Extracting data from an XML file

Eric Lease Morgan emorgan at nd.edu
Mon Jan 5 22:27:39 EST 2004

I wrote:

> Can you suggest a fast, efficient way to use Perl to extract selected
> data from an XML file?...

First of all, thank you everyone who promptly replied to my query.

Second, I was not quite clear in my question. Many people said I should
write an XSLT style sheet to transform my XML document into HTML. This is in
fact what I do, but I was not clear in my question. I need a process to not
only transform each of my documents, but I also need to create an author as
well as title indexes to my collection, and therefore I need to extract bits
of data from each of my original XML files.

Third, most of the replies fell into two categories: 1) use an XSLT style
sheet as as sort of "subroutine", and 2) use XML::Twig.

Fourth, I tried both of these approaches plus my own, and timed them. I had
to process 1.5 MB of data in nineteen files. Tiny. Ironically, my original
code was the fastest at 96 seconds. The XSLT implementation came in second
at 101 seconds, and the XML::Twig implementation, while straight-forward
came in last as 141 seconds. (See the attached code snippets.)

Since my original implementation is still the fastest, and the newer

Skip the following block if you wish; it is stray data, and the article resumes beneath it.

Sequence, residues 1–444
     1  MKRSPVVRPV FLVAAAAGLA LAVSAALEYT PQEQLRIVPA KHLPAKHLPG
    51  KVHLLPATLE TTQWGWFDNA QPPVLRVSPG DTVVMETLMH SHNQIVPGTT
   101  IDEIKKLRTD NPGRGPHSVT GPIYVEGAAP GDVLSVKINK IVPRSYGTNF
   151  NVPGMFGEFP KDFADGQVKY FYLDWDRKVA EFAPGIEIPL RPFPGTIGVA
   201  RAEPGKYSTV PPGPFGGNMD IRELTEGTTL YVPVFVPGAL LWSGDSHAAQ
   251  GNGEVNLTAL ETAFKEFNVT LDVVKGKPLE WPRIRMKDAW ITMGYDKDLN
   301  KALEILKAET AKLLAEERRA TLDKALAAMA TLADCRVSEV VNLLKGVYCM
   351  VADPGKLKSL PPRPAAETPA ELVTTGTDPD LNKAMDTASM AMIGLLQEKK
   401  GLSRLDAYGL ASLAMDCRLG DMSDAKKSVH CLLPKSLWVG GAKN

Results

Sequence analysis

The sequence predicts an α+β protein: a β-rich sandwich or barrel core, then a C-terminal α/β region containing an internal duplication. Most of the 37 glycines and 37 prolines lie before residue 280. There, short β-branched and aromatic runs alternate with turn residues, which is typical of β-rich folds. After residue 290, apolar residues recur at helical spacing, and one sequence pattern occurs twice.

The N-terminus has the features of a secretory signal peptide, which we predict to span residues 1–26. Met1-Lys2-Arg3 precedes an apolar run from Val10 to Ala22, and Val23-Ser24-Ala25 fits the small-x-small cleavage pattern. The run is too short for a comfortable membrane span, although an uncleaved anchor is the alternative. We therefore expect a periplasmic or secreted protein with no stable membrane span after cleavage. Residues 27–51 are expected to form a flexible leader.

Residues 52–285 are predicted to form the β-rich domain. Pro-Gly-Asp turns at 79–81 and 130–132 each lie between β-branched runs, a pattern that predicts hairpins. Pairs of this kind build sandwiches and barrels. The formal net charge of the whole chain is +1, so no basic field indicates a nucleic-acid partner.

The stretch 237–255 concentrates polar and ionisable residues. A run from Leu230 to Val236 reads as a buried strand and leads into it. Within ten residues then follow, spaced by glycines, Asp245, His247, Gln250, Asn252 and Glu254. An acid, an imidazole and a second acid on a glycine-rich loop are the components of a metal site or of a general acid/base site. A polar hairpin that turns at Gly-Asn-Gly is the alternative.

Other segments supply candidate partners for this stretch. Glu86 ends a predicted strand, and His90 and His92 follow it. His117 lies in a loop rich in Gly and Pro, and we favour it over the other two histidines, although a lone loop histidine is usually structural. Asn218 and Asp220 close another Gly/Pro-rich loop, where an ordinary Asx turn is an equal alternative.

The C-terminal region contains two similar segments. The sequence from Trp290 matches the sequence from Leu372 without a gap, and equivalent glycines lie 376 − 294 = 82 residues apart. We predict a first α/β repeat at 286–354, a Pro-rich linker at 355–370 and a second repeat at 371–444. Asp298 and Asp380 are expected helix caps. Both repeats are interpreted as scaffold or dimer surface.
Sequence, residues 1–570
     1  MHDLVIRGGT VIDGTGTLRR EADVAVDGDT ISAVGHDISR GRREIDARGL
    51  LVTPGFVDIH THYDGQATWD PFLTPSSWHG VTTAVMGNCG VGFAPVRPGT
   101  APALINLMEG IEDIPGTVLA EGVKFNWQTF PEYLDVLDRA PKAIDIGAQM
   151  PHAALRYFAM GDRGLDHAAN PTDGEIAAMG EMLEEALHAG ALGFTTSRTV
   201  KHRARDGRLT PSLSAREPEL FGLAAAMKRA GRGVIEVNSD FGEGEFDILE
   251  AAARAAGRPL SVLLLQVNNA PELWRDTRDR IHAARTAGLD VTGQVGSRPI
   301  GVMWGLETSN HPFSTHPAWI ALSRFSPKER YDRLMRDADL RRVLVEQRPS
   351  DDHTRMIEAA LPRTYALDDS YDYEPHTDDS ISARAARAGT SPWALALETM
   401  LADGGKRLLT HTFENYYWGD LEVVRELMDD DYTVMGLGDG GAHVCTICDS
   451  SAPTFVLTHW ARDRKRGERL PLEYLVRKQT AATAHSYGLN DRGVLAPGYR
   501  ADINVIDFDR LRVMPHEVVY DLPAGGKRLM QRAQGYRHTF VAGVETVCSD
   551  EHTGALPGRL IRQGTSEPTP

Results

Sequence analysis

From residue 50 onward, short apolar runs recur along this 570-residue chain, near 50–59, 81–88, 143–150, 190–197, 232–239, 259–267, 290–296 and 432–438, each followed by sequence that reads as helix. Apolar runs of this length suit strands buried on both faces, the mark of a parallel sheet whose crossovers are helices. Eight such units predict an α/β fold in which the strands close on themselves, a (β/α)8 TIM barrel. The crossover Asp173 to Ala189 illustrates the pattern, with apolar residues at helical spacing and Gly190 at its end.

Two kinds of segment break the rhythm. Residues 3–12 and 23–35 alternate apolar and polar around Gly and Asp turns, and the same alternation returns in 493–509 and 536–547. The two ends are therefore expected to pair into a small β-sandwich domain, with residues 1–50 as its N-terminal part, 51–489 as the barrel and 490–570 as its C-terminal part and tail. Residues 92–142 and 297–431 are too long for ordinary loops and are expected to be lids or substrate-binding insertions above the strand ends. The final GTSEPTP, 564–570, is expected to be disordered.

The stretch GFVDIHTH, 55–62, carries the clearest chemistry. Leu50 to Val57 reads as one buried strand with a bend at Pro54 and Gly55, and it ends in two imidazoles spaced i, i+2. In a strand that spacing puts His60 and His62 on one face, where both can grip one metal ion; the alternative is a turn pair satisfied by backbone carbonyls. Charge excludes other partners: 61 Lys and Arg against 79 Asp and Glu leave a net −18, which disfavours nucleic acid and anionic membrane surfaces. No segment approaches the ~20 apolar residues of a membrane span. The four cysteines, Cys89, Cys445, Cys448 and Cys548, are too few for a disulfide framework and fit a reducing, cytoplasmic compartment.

implementations do not improve the speed of the application, then I must
assume that the process is slow because of the XSLT transformations
themselves. These transformations are straight-forward:

  # transform the document and save it
  my $doc       = $parser->parse_file($file);
  my $results   = $stylesheet->transform($doc);
  my $html_file = "$HTML_DIR/$id.html";
  open OUT, "> $html_file";
  print OUT $stylesheet->output_string($results);
  close OUT;
  # convert the HTML to plain text and save it
  my $html      = parse_htmlfile($html_file);
  my $text_file = "$TEXT_DIR/$id.txt";
  open OUT, "> $text_file";
  print OUT $formatter->format($html);
  close OUT;

When my collection grows big I will have to figure out a better way to batch
transform my documents. I might even have to break down and write a shell
script to call xsltproc directly. (Blasphemy!)

Eric Lease Morgan
University Libraries of Notre Dame

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